Will Davies: No, because I mean some of the venture capital businesses that's some of their ... If they're going to invest in you, you need to be international from day one. They've always, I've got to know them over the years and I think we both agree the car next door is not an investment they would make. 
Gen George: Sure, yeah.
Will Davies: There is a really strong physical component in each different, but even from state to state there's different regulations and rules and everything. It's not the easiest one to expand internationally instantly.
Gen George: But you have done a phenomenal job to get to where you have in four or five years.
Will Davies: Yes. Yup, yup, yup. And even I think ... So, we're out of their radar, but there's plenty of other people who've got a different view on that. Yeah.
Gen George: Could be interesting. From a fundraising point of view, what's your journey been like?
Will Davies: We raised, I put the first chunk of money in myself, part of the sales from the mortgage broking business. It was the first 250 grand. The team worked mainly for equity at the start, so that actually lasted us quite a while. Then we raised 650 grand convertible night, which looking back it lasted us a huge amount of time as well. Then we did a Series A, where we raised 1.6 mill and then that included going in on Shark Tank and Steve Baxter put in 300,000 bucks. And then a few months after that, Caltex decided that they wanted to invest in us. They put in 2.7 mil and then just two months ago we closed another 5 mil.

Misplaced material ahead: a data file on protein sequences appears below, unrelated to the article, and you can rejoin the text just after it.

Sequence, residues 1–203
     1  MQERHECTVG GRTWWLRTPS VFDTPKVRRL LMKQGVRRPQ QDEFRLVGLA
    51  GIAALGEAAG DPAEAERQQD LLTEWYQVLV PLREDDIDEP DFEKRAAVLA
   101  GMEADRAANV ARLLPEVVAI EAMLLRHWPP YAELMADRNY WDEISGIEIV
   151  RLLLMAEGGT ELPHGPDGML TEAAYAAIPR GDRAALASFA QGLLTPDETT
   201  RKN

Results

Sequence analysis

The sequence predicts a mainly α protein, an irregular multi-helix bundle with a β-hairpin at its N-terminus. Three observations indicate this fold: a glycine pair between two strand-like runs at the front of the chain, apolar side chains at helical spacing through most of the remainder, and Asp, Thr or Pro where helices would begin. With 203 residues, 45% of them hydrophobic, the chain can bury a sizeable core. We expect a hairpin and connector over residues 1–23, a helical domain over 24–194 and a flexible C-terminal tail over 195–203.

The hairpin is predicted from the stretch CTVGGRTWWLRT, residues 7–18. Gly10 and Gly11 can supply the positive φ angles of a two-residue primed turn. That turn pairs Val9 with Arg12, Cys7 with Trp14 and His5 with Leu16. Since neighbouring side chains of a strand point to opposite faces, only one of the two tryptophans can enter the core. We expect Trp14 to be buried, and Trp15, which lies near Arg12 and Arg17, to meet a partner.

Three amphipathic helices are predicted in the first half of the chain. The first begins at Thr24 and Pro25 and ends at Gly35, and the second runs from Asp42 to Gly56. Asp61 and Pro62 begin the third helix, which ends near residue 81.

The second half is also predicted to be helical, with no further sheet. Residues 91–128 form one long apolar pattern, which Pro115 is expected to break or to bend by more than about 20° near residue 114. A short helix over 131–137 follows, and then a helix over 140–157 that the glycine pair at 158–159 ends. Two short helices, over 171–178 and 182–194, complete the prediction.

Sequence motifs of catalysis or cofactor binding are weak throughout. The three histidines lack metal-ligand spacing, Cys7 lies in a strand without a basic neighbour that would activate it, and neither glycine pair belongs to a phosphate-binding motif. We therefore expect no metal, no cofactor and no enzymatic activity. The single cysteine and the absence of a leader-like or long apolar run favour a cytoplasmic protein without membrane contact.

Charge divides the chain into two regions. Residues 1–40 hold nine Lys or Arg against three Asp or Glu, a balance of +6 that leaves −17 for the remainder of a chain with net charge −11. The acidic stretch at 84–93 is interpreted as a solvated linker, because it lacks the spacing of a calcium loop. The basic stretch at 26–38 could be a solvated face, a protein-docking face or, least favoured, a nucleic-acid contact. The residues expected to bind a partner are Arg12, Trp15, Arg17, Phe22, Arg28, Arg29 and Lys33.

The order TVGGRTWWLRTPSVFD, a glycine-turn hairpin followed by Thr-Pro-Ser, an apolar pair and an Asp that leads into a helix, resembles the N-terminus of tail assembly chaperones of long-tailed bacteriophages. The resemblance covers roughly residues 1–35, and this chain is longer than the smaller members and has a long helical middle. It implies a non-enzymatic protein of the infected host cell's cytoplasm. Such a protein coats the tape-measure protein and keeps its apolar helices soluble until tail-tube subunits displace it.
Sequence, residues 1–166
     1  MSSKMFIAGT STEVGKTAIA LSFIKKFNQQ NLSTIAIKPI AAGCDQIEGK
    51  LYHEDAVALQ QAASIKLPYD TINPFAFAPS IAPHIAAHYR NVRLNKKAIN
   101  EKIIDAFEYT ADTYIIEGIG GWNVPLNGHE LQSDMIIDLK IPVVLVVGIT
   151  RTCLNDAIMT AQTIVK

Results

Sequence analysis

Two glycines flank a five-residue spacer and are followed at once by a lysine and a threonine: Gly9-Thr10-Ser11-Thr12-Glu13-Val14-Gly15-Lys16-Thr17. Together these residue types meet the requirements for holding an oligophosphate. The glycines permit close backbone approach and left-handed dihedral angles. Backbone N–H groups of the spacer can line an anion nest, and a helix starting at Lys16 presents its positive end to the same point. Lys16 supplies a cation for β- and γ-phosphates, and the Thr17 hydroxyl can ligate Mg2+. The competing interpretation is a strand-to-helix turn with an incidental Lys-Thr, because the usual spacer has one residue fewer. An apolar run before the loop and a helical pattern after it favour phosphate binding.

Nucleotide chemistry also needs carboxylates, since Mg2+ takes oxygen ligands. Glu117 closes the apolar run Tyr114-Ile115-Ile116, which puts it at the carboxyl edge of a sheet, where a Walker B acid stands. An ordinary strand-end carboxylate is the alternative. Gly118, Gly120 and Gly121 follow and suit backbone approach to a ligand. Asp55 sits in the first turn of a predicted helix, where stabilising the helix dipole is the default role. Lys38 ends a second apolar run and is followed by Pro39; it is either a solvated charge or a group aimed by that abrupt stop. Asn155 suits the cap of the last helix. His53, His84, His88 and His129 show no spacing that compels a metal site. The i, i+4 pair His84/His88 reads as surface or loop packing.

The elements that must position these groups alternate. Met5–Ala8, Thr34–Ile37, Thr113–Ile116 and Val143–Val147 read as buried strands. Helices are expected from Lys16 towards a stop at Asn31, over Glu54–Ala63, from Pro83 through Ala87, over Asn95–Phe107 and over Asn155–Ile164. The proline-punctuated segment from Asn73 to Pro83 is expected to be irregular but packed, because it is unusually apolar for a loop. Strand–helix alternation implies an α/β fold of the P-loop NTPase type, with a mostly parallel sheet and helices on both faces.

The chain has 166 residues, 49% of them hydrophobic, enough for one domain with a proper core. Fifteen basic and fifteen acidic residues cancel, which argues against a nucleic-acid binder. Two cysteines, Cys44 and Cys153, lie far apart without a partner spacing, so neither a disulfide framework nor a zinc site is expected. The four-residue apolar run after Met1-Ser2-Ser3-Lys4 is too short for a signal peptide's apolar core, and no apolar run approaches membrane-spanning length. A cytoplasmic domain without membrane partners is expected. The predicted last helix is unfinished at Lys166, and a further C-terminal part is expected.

Gen George: Impressive.
Will Davies: We're sort of, we raised about 10 mil so far on the journey. Just been through that big capital raise.
Gen George: You're looking a lot more relaxed.
Will Davies: Only thing, exactly. Exactly. They're very, very stressful things. Each one's, they're progressively more stressful. I think you forget how stressful one was before, because they're in a fight for survival. The longer you go on. I've been at this for five years now. The thought of hitting some capital ... I mean, we're in an interesting position now. If we couldn't raise the capital, then we could break even. The reason we're not breaking even is because we think that the better option is to push a lot harder for growth. We want to make the platform better and better. We got heaps of things that we know to do to make it way better, which then makes more and more people want to join. We want to build out the market quicker, so we're better of spending another five million bucks, building that quicker, building a better product quicker, because we're going to end up with a much more valuable thing at the end.